ACE is helping students excel in their academic endeavors.http://my.monkcms.com/Article/edit/77679/media/
March 24, 2011
Bluefield College’s Academic Center for Excellence (ACE) provides multiple resources for students to improve and excel in their classes.
Crystal Kieloch, Director of Academic Support Services, has been with BC for 11 years and originally started in the admissions department. Back then, the writing center and tutoring were offered in separate campus locations. In 2008, Kieloch was asked to be director of ACE, and renovations to the basement of Rish Hall began to prepare for the center.
Crystal Kieloch, the Director of Academic Support Services.
The resources that ACE offers to students include computers, an online writing lab where students can submit essays for evaluation, disability services and tutoring. Kieloch started with one ACE tutor and now has 18 tutors in multiple subjects such as math, psychology and music theory. ACE has logged 730 tutoring sessions in the past academic year. Some tutors serve as academic coaches for students who need help getting organized and staying on track with their studies. Kieloch tutors in writing and offers DSST (DANTES Subject Standardized Tests) and CLEP (College-Level Examination Program) testing to students and adults.
When looking for tutors, Kieloch contacts faculty in search of exemplary students who may be interested. Tutoring is offered toward degree completion or for extra income. Students interesting in tutoring must have a 3.0 GPA or higher and a faculty recommendation.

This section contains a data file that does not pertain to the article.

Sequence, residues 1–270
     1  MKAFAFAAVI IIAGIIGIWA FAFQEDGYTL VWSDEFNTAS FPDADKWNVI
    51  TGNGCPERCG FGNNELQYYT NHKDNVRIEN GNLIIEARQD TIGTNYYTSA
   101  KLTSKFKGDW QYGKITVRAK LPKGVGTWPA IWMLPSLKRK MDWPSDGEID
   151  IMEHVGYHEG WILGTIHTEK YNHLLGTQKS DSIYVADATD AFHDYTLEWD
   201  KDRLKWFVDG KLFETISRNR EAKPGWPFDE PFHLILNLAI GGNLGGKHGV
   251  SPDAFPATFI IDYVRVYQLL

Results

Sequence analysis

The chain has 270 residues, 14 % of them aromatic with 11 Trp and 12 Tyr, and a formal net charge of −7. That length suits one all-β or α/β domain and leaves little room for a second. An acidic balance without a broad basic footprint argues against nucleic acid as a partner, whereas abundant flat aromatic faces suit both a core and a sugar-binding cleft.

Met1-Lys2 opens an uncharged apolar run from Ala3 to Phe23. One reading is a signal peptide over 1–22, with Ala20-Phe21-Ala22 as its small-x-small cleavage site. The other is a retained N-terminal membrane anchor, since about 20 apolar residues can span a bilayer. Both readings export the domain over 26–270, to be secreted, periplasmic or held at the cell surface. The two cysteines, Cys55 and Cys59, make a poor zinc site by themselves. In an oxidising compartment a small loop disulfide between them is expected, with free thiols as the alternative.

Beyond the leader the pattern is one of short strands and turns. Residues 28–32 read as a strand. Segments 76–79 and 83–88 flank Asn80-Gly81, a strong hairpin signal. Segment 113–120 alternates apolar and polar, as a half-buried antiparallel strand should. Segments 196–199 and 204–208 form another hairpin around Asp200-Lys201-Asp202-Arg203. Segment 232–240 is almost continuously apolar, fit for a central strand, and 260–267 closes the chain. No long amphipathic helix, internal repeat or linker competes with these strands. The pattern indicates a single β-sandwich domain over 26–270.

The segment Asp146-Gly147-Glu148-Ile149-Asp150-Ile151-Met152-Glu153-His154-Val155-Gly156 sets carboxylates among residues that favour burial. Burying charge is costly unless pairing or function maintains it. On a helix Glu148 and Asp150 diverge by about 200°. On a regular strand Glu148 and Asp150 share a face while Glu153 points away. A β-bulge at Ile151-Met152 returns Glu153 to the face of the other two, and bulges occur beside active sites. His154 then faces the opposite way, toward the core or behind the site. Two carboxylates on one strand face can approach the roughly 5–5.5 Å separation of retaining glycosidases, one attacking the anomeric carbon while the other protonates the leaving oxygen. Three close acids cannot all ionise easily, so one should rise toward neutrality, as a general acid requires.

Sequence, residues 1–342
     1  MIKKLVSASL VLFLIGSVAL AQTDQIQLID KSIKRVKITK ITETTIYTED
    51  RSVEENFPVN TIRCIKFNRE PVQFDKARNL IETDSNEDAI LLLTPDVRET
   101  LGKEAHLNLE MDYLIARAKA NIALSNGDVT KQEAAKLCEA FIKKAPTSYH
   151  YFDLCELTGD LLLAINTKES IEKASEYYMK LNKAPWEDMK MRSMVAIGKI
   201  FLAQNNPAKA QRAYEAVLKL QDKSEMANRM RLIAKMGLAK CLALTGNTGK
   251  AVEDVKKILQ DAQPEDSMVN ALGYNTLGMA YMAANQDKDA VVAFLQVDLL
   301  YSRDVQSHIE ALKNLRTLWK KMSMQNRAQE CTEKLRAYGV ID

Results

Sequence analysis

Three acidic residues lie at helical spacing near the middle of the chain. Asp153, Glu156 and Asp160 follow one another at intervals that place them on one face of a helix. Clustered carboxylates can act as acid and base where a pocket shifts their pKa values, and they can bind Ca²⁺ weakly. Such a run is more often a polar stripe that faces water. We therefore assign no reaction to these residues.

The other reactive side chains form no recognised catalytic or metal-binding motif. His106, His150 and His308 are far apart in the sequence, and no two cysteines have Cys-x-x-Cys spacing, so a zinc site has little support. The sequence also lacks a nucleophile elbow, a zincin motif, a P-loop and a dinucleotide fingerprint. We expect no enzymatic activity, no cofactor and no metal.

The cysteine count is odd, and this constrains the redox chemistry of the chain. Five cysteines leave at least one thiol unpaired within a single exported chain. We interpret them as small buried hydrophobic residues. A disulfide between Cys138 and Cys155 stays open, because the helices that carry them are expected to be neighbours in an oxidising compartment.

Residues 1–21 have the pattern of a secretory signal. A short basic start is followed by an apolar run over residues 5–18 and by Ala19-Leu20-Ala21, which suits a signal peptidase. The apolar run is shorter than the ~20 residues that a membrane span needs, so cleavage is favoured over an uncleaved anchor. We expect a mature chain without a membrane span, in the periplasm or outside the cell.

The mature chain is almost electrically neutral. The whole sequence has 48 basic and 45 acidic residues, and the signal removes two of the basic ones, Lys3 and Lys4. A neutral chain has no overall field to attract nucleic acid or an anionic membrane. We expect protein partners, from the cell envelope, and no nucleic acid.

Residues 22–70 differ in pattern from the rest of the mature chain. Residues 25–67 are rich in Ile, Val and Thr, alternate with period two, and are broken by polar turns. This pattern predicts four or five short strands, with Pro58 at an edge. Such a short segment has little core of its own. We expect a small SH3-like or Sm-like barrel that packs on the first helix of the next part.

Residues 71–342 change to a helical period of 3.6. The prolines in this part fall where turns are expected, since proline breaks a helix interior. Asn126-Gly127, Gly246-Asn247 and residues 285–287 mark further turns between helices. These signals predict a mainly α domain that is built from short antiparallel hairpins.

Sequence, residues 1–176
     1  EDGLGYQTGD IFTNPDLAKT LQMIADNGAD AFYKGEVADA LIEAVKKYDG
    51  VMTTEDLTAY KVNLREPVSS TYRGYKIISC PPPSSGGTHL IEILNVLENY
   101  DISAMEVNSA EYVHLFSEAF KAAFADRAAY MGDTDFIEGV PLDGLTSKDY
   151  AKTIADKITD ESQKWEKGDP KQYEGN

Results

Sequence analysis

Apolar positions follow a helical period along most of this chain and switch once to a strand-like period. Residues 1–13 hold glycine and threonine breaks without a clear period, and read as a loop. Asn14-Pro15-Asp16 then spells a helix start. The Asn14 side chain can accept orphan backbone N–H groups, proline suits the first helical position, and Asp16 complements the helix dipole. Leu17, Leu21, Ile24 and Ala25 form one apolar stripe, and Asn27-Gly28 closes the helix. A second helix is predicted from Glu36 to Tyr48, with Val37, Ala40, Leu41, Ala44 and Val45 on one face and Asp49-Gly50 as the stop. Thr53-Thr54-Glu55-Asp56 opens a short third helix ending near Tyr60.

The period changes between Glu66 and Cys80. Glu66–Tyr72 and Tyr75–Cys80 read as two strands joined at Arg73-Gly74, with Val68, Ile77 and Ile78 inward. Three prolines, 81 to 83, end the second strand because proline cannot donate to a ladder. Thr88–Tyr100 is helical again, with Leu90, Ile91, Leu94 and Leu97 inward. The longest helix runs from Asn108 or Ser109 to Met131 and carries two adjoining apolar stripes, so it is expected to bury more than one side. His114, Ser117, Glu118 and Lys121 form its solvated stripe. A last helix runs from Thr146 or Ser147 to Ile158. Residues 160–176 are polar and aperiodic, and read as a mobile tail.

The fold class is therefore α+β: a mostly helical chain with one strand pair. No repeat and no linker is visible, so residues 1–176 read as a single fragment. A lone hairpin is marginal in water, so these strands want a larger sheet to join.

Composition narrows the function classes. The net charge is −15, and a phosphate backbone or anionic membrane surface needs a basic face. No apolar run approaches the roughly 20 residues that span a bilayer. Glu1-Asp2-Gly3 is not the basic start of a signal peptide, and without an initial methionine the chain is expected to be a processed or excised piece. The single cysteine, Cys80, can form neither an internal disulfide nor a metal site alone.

Courtney Dutton, a BC junior, started tutoring this semester in psychology and Old Testament. Prior to attending BC she also tutored at Virginia Highlands Community College and Patrick Henry High School in Glade Spring, Va. Dutton enjoys the extra income tutoring provides and the flexible schedule. She tutors students during times that are convenient for both her and the student. She also holds many sessions to help students prepare for exams.
Dutton prefers tutoring in ACE because of the environment and resources it provides. She feels more comfortable talking with students than she would in the library and utilizes the whiteboard when tutoring psychology.
Since she has been tutoring she has seen people grasp concepts easier because she is able to explain things in a way that is different from the professor.
Lydia Freeman began tutoring her freshman year at BC to meet a degree requirement, but she has continued to tutor each semester since. Freeman is a writing tutor, but she also offers help in literature and communications, and she offers traditional tutoring as well as online help. It is difficult, she said, for some students to learn in a traditional classroom setting.
“I like being able to invest in other students because I know that people learn in different ways,” Freeman said.
Freeman said she likes helping students understand classroom material and often assists people outside ACE in her residence hall and on Facebook. Asking to be tutored, she said, can be embarrassing for some students, but she encourages them to seek the help they need.
“Nobody thinks any less of you for coming to tutoring,” she said. “They probably think more of you because you actually care about your schoolwork.”
Kieloch said it is not only the students who are struggling in classes who need help, but also the B student who wants to become an A student.
“The help is here; there’s no cost; why not ask for it?” Kieloch said. “There’s no shame in asking for help. We all need it sometime, and 4.0 students need it sometime, too."